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Book Review

This book has been reviewed by Thriving Family, a marriage and parenting magazine published by Focus on the Family.

Positive Elements

Spiritual Content

Sexual Content

Violent Content

Crude or Profane Language

Drug and Alcohol Content

Other Negative Elements

Conclusion

Pro-social Content

Objectionable Content

Summary Advisory

Plot Summary

It is 1925, and the frontier town of Nome, Alaska, is facing a diphtheria epidemic. Two children are very sick, and others are likely to contract the disease. The hospital in Anchorage, 800 miles away, sends medicine by train. But the train gets stuck in deep snow about 700 miles outside of Nome. The townspeople decide the only way to get the medicine is by forming a dogsled relay. Twenty-one dogsled teams intend to take turns carrying the medicine from the train to Nome. It will still take 15 days, but it is their only option.

A storm slows down the relay, and it falls behind schedule. A man named Gunnar and his team, led by a sled dog named Balto, wait to carry the medicine on the second-to-last leg of the relay. Gunnar stays awake for two days, waiting for the handoff because he wants to leave immediately when the medicine gets to him. Once he gets the medicine, he and his dog team face obstacles such as drifts of snow that nearly bury the dogs and his sled overturning. When the sled turns over, Gunnar loses the medicine package in the blinding snow, but only temporarily. Once everything is righted, Gunnar and the dogsled team continue on.

Balto’s keen senses keep the team from running onto cracking ice, but his feet get wet in the process. Gunnar acts fast to dry the dog’s paws in the powdery snow to prevent frostbite. The storm continues, making it impossible for Gunnar to see whether they are on the right trail. Fortunately, Balto’s knowledge of the route allows him to guide the team to the final relay point safely.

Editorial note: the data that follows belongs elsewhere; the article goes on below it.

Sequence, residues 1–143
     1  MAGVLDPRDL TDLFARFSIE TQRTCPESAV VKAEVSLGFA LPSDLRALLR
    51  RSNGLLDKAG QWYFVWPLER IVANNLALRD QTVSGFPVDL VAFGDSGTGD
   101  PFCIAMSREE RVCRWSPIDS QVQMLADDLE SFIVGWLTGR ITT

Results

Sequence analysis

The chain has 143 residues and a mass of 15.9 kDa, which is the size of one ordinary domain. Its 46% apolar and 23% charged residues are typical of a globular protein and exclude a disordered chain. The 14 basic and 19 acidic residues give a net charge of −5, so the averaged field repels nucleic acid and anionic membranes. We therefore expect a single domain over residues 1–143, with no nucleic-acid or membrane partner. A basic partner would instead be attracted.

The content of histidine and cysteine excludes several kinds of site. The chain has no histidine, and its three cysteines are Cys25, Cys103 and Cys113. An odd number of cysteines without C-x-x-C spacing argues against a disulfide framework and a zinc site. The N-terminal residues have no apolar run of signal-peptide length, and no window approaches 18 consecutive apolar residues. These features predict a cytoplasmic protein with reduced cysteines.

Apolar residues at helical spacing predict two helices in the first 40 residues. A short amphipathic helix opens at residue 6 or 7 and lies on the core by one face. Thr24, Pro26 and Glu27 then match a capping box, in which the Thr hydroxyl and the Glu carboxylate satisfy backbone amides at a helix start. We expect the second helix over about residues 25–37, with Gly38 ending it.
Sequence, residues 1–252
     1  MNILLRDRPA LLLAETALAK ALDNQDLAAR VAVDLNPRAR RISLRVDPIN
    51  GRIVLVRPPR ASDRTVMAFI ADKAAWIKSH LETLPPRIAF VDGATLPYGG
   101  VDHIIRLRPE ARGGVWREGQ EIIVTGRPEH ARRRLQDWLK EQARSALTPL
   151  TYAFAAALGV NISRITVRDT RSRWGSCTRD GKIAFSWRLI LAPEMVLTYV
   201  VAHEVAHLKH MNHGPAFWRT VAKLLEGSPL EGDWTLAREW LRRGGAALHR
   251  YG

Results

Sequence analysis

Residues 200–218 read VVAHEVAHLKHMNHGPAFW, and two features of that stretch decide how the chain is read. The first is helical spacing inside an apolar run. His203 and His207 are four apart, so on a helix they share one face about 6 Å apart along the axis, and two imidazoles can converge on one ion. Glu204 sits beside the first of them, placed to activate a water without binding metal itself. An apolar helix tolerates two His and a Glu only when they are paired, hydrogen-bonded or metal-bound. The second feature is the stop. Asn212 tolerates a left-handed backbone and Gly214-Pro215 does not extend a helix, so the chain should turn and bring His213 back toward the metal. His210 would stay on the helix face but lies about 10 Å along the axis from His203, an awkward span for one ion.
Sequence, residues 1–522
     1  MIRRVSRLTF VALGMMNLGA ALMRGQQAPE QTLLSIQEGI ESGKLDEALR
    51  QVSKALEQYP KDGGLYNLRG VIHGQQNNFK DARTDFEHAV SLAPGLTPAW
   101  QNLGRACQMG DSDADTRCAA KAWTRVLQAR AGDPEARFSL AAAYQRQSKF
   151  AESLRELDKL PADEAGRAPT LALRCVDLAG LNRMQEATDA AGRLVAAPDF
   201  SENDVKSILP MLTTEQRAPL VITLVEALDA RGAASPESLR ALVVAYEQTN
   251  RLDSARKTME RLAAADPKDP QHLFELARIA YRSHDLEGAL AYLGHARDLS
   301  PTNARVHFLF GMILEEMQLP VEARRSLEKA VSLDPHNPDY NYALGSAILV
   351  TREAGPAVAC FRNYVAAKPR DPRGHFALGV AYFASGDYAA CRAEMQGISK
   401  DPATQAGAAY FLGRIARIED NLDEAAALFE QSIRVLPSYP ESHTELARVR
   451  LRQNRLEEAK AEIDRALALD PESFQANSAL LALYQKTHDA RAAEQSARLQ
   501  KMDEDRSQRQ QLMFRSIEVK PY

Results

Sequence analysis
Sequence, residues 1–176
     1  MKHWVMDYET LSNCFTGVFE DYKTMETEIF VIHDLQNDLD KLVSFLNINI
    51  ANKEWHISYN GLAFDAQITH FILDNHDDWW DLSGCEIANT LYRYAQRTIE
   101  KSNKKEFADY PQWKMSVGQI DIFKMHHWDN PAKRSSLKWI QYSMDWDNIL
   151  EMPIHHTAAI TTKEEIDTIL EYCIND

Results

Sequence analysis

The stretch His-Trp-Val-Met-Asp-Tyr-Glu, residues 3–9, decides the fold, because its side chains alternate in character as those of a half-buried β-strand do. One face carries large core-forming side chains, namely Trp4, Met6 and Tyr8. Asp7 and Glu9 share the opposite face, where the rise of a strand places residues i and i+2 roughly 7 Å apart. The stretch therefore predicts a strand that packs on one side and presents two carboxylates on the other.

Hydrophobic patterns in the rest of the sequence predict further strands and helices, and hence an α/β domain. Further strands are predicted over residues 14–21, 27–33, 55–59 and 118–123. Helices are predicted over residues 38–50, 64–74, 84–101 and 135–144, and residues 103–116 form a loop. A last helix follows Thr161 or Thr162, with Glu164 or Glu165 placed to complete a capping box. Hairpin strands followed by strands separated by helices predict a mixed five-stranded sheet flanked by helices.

When Gunnar doesn't connect with the final relay team, he makes a quick decision. He decides to complete the final leg of the relay himself. He and the dogs drive for 53 miles, 20 hours straight, before reaching Nome and delivering the medicine. The relay ends up taking just five and a half days.

As the diphtheria patients recover, Balto’s skill is praised in newspapers all across America. The following year, a statue of Balto is erected in New York City’s Central Park.

Christian Beliefs

None

Other Belief Systems

None

Authority Roles

The doctor in Nome is concerned for the citizens of his town. Drivers of 21 dogsled teams volunteer to help bring diphtheria medicine to Nome. Gunnar is a brave sled driver who takes care of his team of dogs.

Profanity/Violence

None

Kissing/Sex/Homosexuality

None

Discussion Topics

Get free discussion questions for this book and others, at ThrivingFamily.com/discuss-books.

Additional Comments/Notes

You can request a review of a title you can't find at reviewrequests@family.org.

Book reviews cover the content, themes and worldviews of fiction books, not their literary merit, and equip parents to decide whether a book is appropriate for their children. The inclusion of a book's review does not constitute an endorsement by Focus on the Family.

Episode Reviews

Credits

Rating

Readability Age Range

5 to 8

Author

Natalie Standiford

Cast

Director

Distributor

Network

Performance

Record Label

Platform

Publisher

Random House Children’s Books, a division of Random House Inc.

Released

On Video

Year Published

1989

Awards

Unknown

Reviewer

We hope this review was both interesting and useful. Please share it with family and friends who would benefit from it as well.

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